The Building Tradesman Newspaper

Friday, October 26, 2012


By The Building Tradesman

U.S. construction jumps 5% vs. 2011

New construction starts in September climbed 16 percent to a seasonally adjusted annual rate of $507.2 billion, it was reported Oct. 17 by McGraw-Hill Construction.

Through the first nine months of 2012, total construction starts on an unadjusted basis came in at $349.6 billion, up 5 percent compared to the same period a year ago.

“The robust pace for electric utility and gas plant construction during 2012 has occasionally produced volatility for total construction on a month-to-month basis,” said Robert A. Murray, vice president of economic affairs for McGraw-Hill Construction.  “If electric utilities and gas plants are excluded, the level of construction starts in 2012 would be up 2 percent year-to-date, helped by this year’s further growth for multifamily housing and the emerging recovery for single-family housing.

“As for the other construction sectors, commercial building has shown some strengthening during 2012. However, decreased activity continues to be reported in 2012 for institutional building, manufacturing plants, and public works.  Going into 2013, it’s not expected that electric utilities will be able to maintain the record pace witnessed in 2011 and 2012. It will be up to housing and commercial building to provide upward momentum, and the impending ‘fiscal cliff’ makes continued growth for these sectors less certain.”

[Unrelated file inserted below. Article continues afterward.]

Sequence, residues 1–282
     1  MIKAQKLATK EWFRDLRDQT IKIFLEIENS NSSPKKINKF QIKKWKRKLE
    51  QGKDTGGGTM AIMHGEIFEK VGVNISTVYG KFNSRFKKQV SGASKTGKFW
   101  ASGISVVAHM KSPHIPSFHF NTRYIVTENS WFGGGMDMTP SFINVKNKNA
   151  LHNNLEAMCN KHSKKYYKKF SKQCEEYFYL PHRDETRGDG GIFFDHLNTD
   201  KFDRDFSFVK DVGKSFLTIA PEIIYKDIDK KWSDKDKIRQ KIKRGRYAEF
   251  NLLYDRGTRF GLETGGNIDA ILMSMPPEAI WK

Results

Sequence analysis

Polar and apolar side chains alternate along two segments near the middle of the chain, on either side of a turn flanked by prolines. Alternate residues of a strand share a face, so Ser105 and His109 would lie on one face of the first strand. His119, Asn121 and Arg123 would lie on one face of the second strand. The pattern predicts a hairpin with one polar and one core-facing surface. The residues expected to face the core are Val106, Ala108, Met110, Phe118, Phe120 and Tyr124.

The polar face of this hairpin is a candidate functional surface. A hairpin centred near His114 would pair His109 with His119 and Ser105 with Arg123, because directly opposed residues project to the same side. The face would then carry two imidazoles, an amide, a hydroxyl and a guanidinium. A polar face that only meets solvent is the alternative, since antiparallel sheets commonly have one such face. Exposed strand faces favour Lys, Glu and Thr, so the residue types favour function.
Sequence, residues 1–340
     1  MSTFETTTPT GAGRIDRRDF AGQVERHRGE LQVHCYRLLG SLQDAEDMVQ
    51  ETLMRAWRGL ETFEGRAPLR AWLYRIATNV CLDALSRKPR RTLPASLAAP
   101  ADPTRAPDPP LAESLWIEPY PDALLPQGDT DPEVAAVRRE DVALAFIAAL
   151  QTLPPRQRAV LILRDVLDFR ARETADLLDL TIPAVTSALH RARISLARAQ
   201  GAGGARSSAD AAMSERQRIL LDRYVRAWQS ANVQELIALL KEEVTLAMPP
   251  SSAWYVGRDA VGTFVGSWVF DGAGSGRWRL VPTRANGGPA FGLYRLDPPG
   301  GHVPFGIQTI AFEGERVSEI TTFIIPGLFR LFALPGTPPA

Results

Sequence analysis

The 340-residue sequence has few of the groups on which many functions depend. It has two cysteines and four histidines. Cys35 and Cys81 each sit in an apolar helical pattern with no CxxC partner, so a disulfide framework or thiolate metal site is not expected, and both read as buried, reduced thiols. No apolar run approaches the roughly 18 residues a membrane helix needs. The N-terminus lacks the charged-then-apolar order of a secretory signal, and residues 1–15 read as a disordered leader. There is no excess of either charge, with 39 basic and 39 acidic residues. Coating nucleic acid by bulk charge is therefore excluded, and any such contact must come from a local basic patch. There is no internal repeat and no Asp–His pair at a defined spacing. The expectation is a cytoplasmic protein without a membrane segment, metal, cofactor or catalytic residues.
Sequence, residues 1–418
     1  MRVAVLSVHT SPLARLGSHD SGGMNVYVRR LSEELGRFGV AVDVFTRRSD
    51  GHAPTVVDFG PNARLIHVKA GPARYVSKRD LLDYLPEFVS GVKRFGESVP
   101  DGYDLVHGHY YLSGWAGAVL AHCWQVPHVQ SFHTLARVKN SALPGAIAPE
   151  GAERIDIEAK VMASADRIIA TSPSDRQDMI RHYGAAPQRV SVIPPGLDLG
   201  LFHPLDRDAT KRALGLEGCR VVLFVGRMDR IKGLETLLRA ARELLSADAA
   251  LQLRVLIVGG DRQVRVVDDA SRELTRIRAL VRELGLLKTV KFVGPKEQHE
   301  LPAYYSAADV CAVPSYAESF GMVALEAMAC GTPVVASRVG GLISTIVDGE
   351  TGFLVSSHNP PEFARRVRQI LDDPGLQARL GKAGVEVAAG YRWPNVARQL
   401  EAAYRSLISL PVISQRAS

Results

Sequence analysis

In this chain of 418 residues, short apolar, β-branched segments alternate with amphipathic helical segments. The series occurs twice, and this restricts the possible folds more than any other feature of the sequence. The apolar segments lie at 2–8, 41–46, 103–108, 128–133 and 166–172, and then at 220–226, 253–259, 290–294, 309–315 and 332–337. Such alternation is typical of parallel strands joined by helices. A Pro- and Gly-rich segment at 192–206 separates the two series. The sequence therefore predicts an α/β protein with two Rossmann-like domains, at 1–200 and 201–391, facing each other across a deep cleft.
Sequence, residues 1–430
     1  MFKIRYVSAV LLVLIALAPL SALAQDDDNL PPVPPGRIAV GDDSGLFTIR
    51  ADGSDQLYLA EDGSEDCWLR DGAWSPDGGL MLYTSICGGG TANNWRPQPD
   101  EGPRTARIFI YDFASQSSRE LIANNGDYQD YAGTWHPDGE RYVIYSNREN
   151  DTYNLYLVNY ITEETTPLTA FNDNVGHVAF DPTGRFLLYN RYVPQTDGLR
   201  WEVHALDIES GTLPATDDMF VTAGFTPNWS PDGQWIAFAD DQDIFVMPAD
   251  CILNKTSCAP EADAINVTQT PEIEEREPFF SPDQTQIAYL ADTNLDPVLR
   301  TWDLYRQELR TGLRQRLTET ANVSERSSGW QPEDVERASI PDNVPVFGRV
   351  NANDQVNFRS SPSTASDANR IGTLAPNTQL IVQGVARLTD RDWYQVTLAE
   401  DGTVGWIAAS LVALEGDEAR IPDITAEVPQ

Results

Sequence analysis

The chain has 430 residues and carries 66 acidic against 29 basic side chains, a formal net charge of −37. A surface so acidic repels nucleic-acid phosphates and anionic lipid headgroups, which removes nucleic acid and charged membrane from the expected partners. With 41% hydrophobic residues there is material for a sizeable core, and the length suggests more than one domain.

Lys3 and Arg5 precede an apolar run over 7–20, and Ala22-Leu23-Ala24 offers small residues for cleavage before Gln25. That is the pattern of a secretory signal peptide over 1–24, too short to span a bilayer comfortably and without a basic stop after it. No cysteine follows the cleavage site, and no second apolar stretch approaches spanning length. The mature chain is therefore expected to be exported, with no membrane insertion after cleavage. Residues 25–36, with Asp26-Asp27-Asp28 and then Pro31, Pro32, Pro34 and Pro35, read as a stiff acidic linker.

Geographically, the Midwest sector that includes Michigan showed year-to-date gains for total construction up 6 percent. Two regions registered year-to-date declines for total construction – the Northeast, down 5%; and the West, down 9%.

Little change in workplace deaths

There was little change in the number of workplace fatalities in 2011 vs. the previous two years, the Bureau of Labor Statistics reported Sept. 20.

Workplace injuries claimed 4,609 lives in 2011, vs. 4,690 in 2010 and 4,551 in 2009. The preliminary fatality rate in 2011 was 3.5 deaths per 100,000 workers, vs. 3.6 in 2010 and 3.5 in 2009.

Notably, construction fatalities declined to 721 in 2011, 6.8 percent fewer than the 744 in 2010 – and it was the fifth straight year for decreases in construction deaths. The BLS, however, said the decrease is likely related to the economic downturn.

Transportation-related accidents have been the leading cause of worker deaths, responsible for 41 percent of 2011’s on-the-job fatals. Falls, struck-by objects or equipment homicide and exposure to harmful substances and environments comprised other leading causes of on-the-job deaths.